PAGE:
SECTION HIKES & ALTERNATIVES 2020-02-08T03:55:24-05:00

JMT section hikes

For those who have a limited amount of time to hike on the trail (or those who couldn’t get a permit to hike SOBO from Yosemite), section hiking the trail is a great option. There are a number of trailheads south of Donohue Pass that connect to the JMT and are easily accessible through public transportation. The following trails are all within Inyo National Forest, and allow hikers to head north or south on the JMT. Please note that if you go south on the JMT from one of these trailheads, you will likely need to exit at Horseshoe Meadow via either Cottonwood Pass trail or Cottonwood Lakes trail (because it is very difficult to get a permit for exiting Mt. Whitney). Permits can be reserved at

Trailhead JMT mile marker Length (miles to connect to JMT) Transportation Quota
Rush Creek

(Rush Creek AA05)

40 7 YARTS

(bus stops at trailhead)

Shadow Creek

(Shadow Creek AA07)

49 4.5 Red’s Meadow-Devils Postpile shuttle

(get off at Agnew Meadows bus stop)

Devils Postpile (NOBO only)

(John Muir Trail North of Devils Postpile AA10)

59 less than a mile Red’s Meadow-Devils Postpile shuttle

(get off at Devils Postpile or Red’s Meadow)

Devils Postpile (SOBO only)

(John Muir Trail South of Devils Postpile AA15)

59 less than a mile Red’s Meadow-Devils Postpile shuttle

(get off at Devils Postpile or Red’s Meadow)

Red Cones – Mammoth Pass

(Red Cones – Mammoth Pass AA16)

62 3.2 Lakes Basin Trolley

(get off at Horseshoe Lake)

Duck Pass

(Duck Pass JM01)

71 5.6 Lakes Basin Trolley

(get off at Lake Mary)


High Sierra Trail (HST)

The High Sierra Trail, which begins at Crescent Meadow (in Sequoia National Park) and ends at Whitney Portal, is a great option for those who have a limited amount of time and want to hike to the top of Mt. Whitney. The trail (from Crescent Meadow to Whitney Portal) is 72 miles long and takes about a week to complete. Getting to the trailhead is easy if you use the Sequoia Shuttle, which goes from Visalia to Sequoia National Park ($20 round-trip). Once you arrive at the park, you can take the free Sequoia National Park shuttle to pick up your permit in Lodgepole and then get back on the shuttle to go to the trailhead at Crescent Meadow. Hikers may apply for a permit starting March 1st, and it can take up to two weeks to hear back from the wilderness permit office after sending your application. When filling out your permit application, select ‘High Sierra’ (Crescent Meadow) as your entry trail, and ‘Whitney Portal’ as your exit trail. If you fail to get a permit starting at Crescent Meadow, you can choose Alta trail as an alternative starting point (it connects to the HST at mile 5.8). Permits can be picked up at Lodgepole Visitor Center (open 7am-3:30pm, closed 11am-12pm for lunch) the day of your trip, or from 1pm or later the day before. Make sure to bring your itinerary with you because you must state where you plan to camp each night before the rangers will issue your permit (you are not required to follow this plan, they just want to have a general idea of where you plan to go). Before starting your hike, be sure to give yourself some time to check out the sequoia trees!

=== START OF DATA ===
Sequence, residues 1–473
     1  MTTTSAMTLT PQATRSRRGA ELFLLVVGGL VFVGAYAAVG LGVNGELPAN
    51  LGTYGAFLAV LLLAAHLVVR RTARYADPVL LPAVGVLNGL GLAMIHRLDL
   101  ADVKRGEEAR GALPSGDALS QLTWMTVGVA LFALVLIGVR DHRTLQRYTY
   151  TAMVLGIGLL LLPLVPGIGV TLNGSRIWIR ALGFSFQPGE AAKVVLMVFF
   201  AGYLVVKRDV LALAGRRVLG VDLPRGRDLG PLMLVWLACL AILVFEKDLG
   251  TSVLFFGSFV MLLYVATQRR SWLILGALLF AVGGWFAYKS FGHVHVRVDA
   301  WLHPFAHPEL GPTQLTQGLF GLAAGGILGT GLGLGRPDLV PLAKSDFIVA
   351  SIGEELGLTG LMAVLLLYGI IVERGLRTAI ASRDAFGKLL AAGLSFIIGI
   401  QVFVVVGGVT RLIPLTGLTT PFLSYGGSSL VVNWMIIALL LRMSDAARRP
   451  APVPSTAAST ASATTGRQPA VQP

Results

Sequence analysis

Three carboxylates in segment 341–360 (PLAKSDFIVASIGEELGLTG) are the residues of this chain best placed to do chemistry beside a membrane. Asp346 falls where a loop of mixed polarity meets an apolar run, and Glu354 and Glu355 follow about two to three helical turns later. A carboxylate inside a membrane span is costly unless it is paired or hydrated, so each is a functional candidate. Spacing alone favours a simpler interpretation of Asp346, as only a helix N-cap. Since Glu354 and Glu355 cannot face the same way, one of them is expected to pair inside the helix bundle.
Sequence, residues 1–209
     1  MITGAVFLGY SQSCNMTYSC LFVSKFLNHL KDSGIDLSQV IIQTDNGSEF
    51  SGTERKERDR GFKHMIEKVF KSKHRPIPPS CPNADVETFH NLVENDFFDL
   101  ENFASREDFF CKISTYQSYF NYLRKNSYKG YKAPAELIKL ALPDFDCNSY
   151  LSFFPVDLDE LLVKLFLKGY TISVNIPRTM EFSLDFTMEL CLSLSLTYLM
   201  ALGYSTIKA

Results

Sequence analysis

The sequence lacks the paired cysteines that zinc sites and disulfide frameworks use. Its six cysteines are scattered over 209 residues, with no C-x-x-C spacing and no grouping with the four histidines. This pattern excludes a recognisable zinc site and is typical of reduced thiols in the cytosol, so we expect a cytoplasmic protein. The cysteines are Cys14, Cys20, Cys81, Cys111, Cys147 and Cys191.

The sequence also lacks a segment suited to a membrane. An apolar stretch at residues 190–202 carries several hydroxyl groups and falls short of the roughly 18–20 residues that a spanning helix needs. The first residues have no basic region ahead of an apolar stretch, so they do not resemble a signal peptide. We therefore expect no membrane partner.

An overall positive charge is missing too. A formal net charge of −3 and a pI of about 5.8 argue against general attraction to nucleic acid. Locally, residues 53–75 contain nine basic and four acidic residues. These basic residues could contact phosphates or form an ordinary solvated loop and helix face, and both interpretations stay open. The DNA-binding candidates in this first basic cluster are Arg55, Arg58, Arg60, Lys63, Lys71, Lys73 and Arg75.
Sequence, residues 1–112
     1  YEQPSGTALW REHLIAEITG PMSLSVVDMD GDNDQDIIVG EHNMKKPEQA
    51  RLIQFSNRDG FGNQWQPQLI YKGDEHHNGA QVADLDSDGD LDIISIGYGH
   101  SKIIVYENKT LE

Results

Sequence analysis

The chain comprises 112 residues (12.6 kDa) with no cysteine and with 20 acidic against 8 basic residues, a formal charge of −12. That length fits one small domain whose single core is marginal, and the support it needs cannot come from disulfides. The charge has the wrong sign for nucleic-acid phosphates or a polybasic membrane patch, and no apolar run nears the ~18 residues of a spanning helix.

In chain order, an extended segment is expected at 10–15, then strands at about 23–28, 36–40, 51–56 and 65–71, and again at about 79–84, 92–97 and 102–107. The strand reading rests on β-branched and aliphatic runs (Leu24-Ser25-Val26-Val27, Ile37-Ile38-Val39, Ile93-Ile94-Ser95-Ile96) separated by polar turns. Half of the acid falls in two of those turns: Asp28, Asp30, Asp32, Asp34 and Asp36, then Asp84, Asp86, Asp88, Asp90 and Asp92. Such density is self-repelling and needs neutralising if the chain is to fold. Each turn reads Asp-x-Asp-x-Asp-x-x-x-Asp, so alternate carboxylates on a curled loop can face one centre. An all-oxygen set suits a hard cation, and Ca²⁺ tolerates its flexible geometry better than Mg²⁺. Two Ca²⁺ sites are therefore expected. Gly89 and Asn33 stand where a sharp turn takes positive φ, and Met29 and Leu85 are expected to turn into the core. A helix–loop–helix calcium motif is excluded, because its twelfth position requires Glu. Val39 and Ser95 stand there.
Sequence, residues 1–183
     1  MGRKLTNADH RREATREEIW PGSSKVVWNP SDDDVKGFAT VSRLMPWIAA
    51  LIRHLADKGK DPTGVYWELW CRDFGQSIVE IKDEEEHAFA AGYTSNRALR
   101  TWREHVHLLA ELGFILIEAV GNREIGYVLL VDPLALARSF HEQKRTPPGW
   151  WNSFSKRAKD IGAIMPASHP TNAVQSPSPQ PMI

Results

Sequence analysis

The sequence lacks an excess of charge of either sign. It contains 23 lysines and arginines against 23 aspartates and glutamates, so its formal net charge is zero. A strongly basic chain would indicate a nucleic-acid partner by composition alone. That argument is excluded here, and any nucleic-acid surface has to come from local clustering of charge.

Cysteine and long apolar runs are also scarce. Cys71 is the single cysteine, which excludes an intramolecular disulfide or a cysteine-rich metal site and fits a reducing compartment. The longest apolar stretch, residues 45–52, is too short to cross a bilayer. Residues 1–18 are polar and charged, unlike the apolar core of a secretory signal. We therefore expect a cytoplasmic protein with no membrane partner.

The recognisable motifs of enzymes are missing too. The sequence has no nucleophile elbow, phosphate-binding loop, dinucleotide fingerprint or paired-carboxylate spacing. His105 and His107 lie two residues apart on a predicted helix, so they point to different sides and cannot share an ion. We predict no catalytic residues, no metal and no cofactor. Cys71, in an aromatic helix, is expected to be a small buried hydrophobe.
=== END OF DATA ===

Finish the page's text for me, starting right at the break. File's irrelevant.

Important Links:


The Mt. Whitney High Country Trail Map shows the whole trail.

Big SEKI Loop (BSL)

This loop passes through some of the best scenery of Sequoia and Kings Canyon National Parks, and was created as an alternative to the JMT. It is 154 miles long and is completely on maintained trails. Getting a permit is easy, and there are no crowds to contend with. Since the BSL is a loop, there is a lot of flexibility regarding where you start, and there are several places where you could exit early if necessary. The creator of the BSL suggests starting (and finishing) your hike at Roads End. However, if you need to use public transportation, you should start the hike at Crescent Meadow or Alta trailhead (take Sequoia Shuttle to Sequoia National Park) and connect to the BSL at Bearpaw Meadow (this will add around 12-13 miles to your trip).


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